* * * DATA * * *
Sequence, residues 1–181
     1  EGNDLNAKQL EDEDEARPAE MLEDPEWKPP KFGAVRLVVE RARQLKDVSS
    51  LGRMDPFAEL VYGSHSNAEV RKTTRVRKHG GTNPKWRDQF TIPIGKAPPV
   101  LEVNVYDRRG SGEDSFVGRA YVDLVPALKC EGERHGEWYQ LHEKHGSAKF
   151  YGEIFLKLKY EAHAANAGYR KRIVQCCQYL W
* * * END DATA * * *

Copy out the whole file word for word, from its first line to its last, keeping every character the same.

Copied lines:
Sequence, residues 1–181
     1  EGNDLNAKQL EDEDEARPAE MLEDPEWKPP KFGAVRLVVE RARQLKDVSS
    51  LGRMDPFAEL VYGSHSNAEV RKTTRVRKHG GTNPKWRDQF TIPIGKAPPV
   101  LEVNVYDRRG SGEDSFVGRA YVDLVPALKC EGERHGEWYQ LHEKHGSAKF
   151  YGEIFLKLKY EAHAANAGYR KRIVQCCQYL W